“This is not Mom and Pop’s Archie where they’re at the Chok’lit Shoppe sipping milkshakes together. This is going to be people getting whacked here. This is some serious shit.”
With those words, writer Frank Tieri — best known for his work at Marvel, including an extended run on Wolverine — gets to the essence of what Jughead: The Hunger is all about. Following a successful one-shot try out this past March, the first regular issue of the ongoing series that features art from Pat and Tim Kennedy hits stores today as part of the Archie Madhouse line of horror books (which also include Chilling Adventures of Sabrina and Afterlife with Archie, titles that have experienced delays due to writer Roberto Aguirre-Sacasa’s showrunning duties on Riverdale). Not burdened with the responsibilty of bringing these iconic these characters to television on a weekly basis, Tieri has the time to craft his own twisted take on the Archieverse.
The story so far: Jughead’s insatiable hunger is partially due to the fact that the members of the Jones family have sufferd from lycanthropy seemingly for generations. But he is not the only one in Riverdale with a secret. Seemingly ordinary girl-next-door Betty Cooper is actually descended from werewolf hunters tasked with taking down the Joneses before they can ruthlessly slaughter their innocent victims whenever a full moon rises. The one shot saw the apparent demise of several beloved characters — including Reggie Mantle — while Archie, in typical Archie fashion, found himself suddenly bumbling through a new world he had no idea that was hiding in plain sight the entire time.
In the issue of Jughead: The Hunger that was just released, we see our crown-wearing hero taking work at a travelling circus in an attempt to put some distance between him and the only home he has ever known. He chains himself up at night for fear of harming anyone, but as his plans slowly unravel a surprising evil emerges in Riverdale while Betty enlists another family member to try to take down Jughead once and for all.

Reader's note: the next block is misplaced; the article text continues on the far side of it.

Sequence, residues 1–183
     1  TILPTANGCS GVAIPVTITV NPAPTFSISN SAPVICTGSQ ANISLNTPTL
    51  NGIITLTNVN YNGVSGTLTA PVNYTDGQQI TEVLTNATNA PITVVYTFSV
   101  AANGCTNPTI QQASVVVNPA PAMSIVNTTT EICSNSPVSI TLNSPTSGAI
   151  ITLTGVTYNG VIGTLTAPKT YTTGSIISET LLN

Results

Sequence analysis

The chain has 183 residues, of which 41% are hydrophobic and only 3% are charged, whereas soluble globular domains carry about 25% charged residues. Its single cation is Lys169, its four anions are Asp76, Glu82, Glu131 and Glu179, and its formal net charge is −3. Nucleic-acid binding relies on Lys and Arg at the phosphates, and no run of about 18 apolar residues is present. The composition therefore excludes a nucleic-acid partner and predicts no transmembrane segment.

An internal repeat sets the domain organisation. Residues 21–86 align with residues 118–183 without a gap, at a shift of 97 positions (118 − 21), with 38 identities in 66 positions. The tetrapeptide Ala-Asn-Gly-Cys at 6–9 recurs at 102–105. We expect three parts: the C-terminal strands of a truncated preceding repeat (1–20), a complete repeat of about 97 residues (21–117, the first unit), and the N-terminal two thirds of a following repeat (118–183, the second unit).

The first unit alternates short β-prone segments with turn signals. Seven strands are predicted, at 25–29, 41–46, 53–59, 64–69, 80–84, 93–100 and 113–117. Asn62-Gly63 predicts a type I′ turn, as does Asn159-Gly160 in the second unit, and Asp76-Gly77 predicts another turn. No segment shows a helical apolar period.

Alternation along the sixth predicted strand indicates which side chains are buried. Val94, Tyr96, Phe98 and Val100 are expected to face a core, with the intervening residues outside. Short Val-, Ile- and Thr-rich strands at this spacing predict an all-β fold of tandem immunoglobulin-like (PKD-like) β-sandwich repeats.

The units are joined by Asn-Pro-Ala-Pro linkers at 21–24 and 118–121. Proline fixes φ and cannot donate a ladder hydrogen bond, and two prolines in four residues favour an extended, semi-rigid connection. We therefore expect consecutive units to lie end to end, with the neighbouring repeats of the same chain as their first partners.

It’s a riveting story, one that wears its influences on its sleeve just like pins on Jughead’s ever-present beanie. While speaking to him at New York Comic Con earlier this month, Tieri is quick to cop to the pre-existing horror sagas that are flavoring his unfolding tale. “For the people who say it’s a tip of the hat to Buffy the Vampire Slayer? Yes, absolutely. Guilty as charged.” But its hardly the only pop culture product to have its DNA embedded in Jughead: The Hunger, including a certain John Landis werewolf film from the 1980s. “Literally if you read my script for the one-shot I call for an American Werewolf in London transformation,” he tells us, speaking of the first time we see Jughead becoming his hairy, flesh-eating alter ego. “That beautiful special effect where he’s transforming? Yes, there’s a definite influence.”
Which isn’t to say that Tieri’s storytelling isn’t also impacted by classic horror characters.
“When I approached them with this I said they have great stuff in their horror line. They have zombies, they have witches. But they don’t have a classic movie monster. This is my version (of that). I’m a big fan of the classic Universal Monsters — Dracula, Creature from the Black Lagoon, Frankenstein, the Wolf Man. In the Wolf Man’s case it’s a tragic story. It’s the reluctant man who has this thrust upon him and does these horrible things but he doesn’t mean it. He doesn’t want to be doing it and that’s what we have here. It’s our ode to classic movie monsters.”
The added pathos of a character saddled with lycanthropy also opens up plenty of creative doors for Jughead: The Hunger to tell stories that are scary, action-packed and melancholy all at once. But will other types of monsters find their way into the pages of the comic?
“I love stuff like Frankenstein vs the Wolf Man, you know what I mean? And after I pitched it (Jughead: The Hunger) I joked and said hey who knows where it could lead? Jugwolf vs. FrankenMoose. Who knows? Yes, we could definitely have other monsters.”
Tieri told us that his favorite characters to write for in this series are Jughead, Reggie, and Betty, the latter of which is unlike any take on her that readers have ever seen before.
“I was always a Betty guy over a Veronica guy. I always felt that there was something underneath there that was worth exploring and that’s kind of what we do here. There’s sweet betty all American-girl but secretly she’s been this bad ass werewolf hunter all this time.”
Readers of Afterlife with Archie and Chilling Adventures of Sabrina have come to expect a certain level of chills and violent gore, and the tradition is carried over into this latest horror title, a fact that Tieri is quick to point out. “The Archie Horror line gets pretty brutal” he tells us, punctuating his point by adding “if you read the one shot, right off the bat we chop off Ms. Grundy’s head.”
Whether killing beloved characters or slaying expectations, Jughead: The Hunger seems unafraid to take chances. This ideology has become something of an company trademark over the past decade, to keep readers interested by challenging preconceived notions about the kind of stories that can be told in Archie comics. Nothing reasonable seems off the table right now, and that inventiveness is infectious.
When asked about what we can expect from upcoming issues, Tieri gives us a tantalizing glimpse of what’s to come.
“In addition to seeing other werewolves and werewolf hunters, something is going on in Riverdale. Reggie might not be as dead as you thought he was and he may be gathering forces let’s say. Stay tuned on that. We’re not quite done with Reggie yet.”
Like Jughead, we are hungry for more.